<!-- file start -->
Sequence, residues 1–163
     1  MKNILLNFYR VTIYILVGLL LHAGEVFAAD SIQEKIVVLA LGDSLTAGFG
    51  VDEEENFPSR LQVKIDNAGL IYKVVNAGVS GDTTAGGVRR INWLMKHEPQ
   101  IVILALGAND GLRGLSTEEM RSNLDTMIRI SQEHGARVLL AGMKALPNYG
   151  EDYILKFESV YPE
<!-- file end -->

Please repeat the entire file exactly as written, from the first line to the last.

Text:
Sequence, residues 1–163
     1  MKNILLNFYR VTIYILVGLL LHAGEVFAAD SIQEKIVVLA LGDSLTAGFG
    51  VDEEENFPSR LQVKIDNAGL IYKVVNAGVS GDTTAGGVRR INWLMKHEPQ
   101  IVILALGAND GLRGLSTEEM RSNLDTMIRI SQEHGARVLL AGMKALPNYG
   151  EDYILKFESV YPE